This morning, I’m typing on my living room couch rather than writing on paper at a desk in their old rooms. It feels important to have an audience, not to tuck my words in a drawer upside down, to say what I am feeling in a more public way.

Many women I know are living similar lives. My sister is newly divorced, moved into a new and smaller home, without her children half time for the first time in their lives, learning to live alone.

My former day care partner and good friend is living in her own apartment, having moved this fall out of the home where she and her husband raised their children, making her way alone.

The mother of my daughter’s closest childhood friend, and a former close friend of mine, has moved out of the home where they raised their children, and traveled across the country alone to work for the Indian Health Service as a midwife in North Dakota.

Another friend posted on facebook today from Mexico, showing pictures of the first place she has chosen to live alone, two tiny rooms sparsely furnished. She hopes for visitors, and for one who might stay. She is 48 and wrote of leaving a marriage, of children leaving home, of sharing a home with others here in Boston, of being deported back to Mexico, of taking shelter with friends, on her way to making a home of her own.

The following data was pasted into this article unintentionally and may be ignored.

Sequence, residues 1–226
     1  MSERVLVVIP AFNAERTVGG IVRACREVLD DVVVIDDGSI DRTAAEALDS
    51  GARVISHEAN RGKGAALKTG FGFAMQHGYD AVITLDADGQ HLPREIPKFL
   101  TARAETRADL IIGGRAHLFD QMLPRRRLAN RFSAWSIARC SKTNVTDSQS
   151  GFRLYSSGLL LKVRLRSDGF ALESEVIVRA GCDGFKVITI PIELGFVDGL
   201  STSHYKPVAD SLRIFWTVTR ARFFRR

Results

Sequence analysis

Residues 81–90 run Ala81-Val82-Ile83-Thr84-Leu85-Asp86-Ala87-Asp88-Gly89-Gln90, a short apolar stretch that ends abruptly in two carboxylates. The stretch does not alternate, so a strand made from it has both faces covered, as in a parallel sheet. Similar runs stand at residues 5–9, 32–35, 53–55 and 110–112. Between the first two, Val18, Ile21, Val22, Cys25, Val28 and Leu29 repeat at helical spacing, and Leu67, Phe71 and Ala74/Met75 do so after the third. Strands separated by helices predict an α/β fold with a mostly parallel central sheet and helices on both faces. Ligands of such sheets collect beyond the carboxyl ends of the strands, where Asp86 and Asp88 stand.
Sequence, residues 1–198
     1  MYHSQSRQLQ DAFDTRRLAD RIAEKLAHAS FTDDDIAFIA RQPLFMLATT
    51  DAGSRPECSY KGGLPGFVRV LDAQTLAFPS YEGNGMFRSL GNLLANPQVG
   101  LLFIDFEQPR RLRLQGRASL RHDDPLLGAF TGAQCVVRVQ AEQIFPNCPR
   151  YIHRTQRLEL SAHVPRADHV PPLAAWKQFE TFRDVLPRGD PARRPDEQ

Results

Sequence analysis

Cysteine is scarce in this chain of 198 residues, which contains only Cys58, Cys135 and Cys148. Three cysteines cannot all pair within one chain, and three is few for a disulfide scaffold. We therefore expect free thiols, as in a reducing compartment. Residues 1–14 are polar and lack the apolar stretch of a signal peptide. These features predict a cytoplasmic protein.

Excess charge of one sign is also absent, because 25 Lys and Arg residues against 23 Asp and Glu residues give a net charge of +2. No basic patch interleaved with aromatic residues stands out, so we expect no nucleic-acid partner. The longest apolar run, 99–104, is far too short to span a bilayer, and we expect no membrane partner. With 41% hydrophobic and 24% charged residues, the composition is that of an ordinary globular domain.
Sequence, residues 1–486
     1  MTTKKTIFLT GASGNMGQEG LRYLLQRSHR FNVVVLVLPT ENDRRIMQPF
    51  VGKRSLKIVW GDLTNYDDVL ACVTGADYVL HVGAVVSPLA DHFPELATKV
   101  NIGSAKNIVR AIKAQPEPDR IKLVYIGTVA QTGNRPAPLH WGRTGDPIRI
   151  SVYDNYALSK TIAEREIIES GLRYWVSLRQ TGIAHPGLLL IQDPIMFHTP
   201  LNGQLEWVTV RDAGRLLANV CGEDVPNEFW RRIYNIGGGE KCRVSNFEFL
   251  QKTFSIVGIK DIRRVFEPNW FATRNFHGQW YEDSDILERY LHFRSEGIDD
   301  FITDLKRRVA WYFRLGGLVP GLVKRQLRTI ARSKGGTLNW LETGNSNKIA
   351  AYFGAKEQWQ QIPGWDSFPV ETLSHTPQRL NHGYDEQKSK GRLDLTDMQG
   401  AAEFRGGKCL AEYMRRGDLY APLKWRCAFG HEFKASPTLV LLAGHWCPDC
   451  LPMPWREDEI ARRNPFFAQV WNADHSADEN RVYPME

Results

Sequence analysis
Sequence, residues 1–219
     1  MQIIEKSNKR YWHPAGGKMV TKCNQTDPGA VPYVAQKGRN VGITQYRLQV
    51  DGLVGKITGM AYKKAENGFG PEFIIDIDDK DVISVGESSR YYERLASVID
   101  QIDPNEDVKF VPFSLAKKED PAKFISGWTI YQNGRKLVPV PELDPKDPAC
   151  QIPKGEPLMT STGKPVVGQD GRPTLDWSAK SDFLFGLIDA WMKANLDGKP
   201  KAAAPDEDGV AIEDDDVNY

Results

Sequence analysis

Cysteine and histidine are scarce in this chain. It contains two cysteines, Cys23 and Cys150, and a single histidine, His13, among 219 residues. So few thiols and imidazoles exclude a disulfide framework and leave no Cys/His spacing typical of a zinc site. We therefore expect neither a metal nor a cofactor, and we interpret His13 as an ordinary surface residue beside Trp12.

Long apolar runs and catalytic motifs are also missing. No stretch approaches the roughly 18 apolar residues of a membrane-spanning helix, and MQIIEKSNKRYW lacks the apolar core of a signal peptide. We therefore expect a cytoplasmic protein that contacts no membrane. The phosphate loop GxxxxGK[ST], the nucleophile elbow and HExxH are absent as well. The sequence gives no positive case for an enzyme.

Virginia Woolf talks of making a room of one’s own. The study that used to be my son’s room, that used to be my husband’s office, that was my son’s room even before that, that was originally intended to be my study, does not feel like a room of my own. I don’t know how to live that way.

I live in my kitchen, at my dining room table, in the living room. I have never known how to set up a study or an office or a room of my own. Even my bedroom feels less than homey, more a place to sleep and store my clothes and books.

As a young person, I chose to share living space. I never lived alone until I was divorced and my children spent half time with their father, then grew up. Their leaving came in so many unexpected ways it was hard to prepare, though I wonder if any of us mothers ever can prepare for our children’s leaving.

My partners since my marriage ended have come and gone. I’ve visited their places and they’ve visited mine. Like my friend in Mexico I’ve hoped that one would stay. I’ve contemplated leaving, moving elsewhere, to be with Richard in Northampton, to go to graduate school at Smith, though at the moment, I don’t find myself packing up or clearing out as much as settling in, contemplating, if not feathering the nest.

Last night I ordered a tiny electric fireplace. I don’t know where I’ll put it, but it’s mobile so I don’t have to know. My new guy has one in his room and his family has one in their cabin in the woods. Sitting beside them is homey, homier than sitting by my candles, my ongoing connection to fire.